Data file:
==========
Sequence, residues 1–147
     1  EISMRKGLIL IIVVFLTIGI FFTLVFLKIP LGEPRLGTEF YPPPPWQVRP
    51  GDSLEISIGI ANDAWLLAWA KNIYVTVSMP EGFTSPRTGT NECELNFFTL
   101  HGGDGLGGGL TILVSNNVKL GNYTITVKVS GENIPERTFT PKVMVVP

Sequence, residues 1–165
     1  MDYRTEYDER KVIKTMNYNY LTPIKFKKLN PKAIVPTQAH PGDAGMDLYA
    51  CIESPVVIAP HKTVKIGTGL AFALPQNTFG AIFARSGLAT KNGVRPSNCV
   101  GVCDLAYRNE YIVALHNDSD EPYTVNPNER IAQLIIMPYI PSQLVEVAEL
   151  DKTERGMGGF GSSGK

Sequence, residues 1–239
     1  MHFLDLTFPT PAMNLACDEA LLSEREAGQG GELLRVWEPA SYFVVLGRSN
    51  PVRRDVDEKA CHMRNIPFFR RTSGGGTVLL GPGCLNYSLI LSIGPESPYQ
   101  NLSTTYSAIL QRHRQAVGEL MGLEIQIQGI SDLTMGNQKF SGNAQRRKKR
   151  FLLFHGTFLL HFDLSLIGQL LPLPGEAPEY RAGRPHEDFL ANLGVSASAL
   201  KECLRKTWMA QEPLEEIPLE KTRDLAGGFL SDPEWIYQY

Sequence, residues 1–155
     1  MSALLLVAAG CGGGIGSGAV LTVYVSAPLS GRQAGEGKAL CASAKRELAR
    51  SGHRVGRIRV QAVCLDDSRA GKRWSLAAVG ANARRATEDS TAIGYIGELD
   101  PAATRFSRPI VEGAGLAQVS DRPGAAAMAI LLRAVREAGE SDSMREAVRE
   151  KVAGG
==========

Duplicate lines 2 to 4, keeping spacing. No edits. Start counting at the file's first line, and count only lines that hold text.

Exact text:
     1  EISMRKGLIL IIVVFLTIGI FFTLVFLKIP LGEPRLGTEF YPPPPWQVRP
    51  GDSLEISIGI ANDAWLLAWA KNIYVTVSMP EGFTSPRTGT NECELNFFTL
   101  HGGDGLGGGL TILVSNNVKL GNYTITVKVS GENIPERTFT PKVMVVP